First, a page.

Your Hotel Garden: Going Native

By Ken Hutcheson President, U.S. Lawns | July 15, 2012

When it comes to curb appeal, the importance of first impressions cannot be overstated. However, given the state of today’s economy, some property managers are faced with changing the way they landscape their properties. For the hotel industry, one of the biggest challenges they face when it comes to property maintenance is the balance between being aesthetically pleasing, environmentally friendly and staying within their budget.

To ensure all three objectives are met, speak with your landscape professional about the possibility of converting parts of a large property to include some native plants. Native landscaping uses plants, shrubs and trees indigenous to the region in which you are planting, to create a lower-maintenance landscape. The plants and trees that are used in native landscaping are acclimated to local weather conditions, so they typically require less chemicals and watering to maintain.

Transitioning towards a native landscape can seem like a daunting task, especially considering how instrumental a beautiful landscape can be in drawing guests to your hotel. However, there are a number of ways you can make this change without compromising aesthetics. Installing a native landscape does not mean you must remove all grasses, flowers and trees, and let the weeds grow wild, and vines overgrow, leaving your property with the air of neglect. The biggest misconception in regards to native landscaping is that it leaves your property looking messy or barren. That is far from the truth. In fact, some large resorts and properties actually embrace their “wild areas,” and are a destination because of that, whether in the woodlands, the grasslands or in the desert. But these are not the only options when it comes to native landscaping. Each geographical region has numerous plants and trees that are indigenous to the area, with a variety of colors and options from which to choose.

While there could possibly be higher costs at the initial onset of the transition, depending on how your property is currently designed, long-term benefits of making the change usually include lower water bills and less maintenance, which could mean significantly reduced annual operating costs. In addition, fewer pesticides and fertilizers are required for a natural landscape, which means you have a healthier environment.

Native plants provide diverse food and habitat for birds and small mammals. In heavily developed urban areas, even small patches of natural landscape can be critical in maintaining populations of native fauna and flora.

If you make the decision to convert parts of your property to a native landscape, it is important to plan carefully with your landscape professional when designing the new landscape. In areas that require irrigation, it’s imperative that the proper irrigation system is installed. Consider installing a “smart” controller, which is a computerized system that automatically adjusts watering times and amounts based on local weather conditions. For some areas, drip irrigation may be installed, which drips water slowly onto or at the base of the plant.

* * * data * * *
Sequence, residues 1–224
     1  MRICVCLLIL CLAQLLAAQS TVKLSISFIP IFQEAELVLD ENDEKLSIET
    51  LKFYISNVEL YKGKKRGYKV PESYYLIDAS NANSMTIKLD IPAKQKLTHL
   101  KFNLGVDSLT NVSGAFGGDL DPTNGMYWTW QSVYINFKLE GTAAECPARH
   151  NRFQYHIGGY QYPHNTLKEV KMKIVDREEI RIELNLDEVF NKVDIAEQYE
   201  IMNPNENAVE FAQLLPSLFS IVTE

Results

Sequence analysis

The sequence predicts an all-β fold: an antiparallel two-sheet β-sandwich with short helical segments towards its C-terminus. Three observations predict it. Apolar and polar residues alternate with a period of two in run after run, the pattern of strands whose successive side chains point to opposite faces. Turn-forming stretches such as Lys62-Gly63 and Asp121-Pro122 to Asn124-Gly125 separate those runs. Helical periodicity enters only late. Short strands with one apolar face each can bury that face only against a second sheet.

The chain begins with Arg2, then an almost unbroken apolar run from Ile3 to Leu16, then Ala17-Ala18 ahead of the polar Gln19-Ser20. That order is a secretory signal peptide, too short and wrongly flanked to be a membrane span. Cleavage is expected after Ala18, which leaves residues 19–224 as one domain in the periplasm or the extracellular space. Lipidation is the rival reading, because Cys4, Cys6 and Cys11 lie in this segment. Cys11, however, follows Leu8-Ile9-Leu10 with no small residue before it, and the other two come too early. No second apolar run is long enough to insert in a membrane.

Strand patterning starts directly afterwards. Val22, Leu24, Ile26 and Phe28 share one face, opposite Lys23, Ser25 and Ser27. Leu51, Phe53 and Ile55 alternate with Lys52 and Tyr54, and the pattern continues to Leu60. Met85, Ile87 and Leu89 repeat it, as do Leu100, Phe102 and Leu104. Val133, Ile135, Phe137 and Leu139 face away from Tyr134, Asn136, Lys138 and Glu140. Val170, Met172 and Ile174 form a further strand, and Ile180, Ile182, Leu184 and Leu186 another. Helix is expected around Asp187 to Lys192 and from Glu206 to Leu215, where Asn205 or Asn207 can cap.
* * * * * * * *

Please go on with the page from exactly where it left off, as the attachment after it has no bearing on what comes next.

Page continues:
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Coming up in February 2018...

Social Media: Engagement is Key

There are currently 2.3 billion active users of social media networks and savvy hotel operators have incorporated social media into their marketing mix. There are a few Goliath channels on which one must have a presence (Facebook & Twitter) but there are also several newer upstart channels (Instagram, Snapchat &WeChat, for example) that merit consideration. With its 1.86 billion users, Facebook is a dominant platform where operators can drive brand awareness, facilitate bookings, offer incentives and collect sought-after reviews. Twitter's 284 million users generate 500 million tweets per day, and operators can use its platform for lead generation, building loyalty, and guest interaction. Instagram was originally a small photo-sharing site but it has blown up into a massive photo and video channel. The site can be used to post photos of the hotel property, as well as creating Instagram Stories - personal videos that disappear from the channel after 24 hours. In this regard, Instagram and Snapchat are now in direct competition. WeChat is a Chinese company whose aim is to be the App for Everything - instant messaging, social media, shopping and payment services - all in a single platform. In addition to these channels, blogging continues to be a popular method to establish leadership, enhance reputations, and engage with customers in a direct and personal way. The key to effective use of all social media is to find out where your customers are and then, to the fullest extent possible, engage with them on a personal level. This engagement is what creates a personal connection and sustains brand loyalty. The February Hotel Business Review will explore these issues and examine how some hotels are successfully integrating social media into their operations.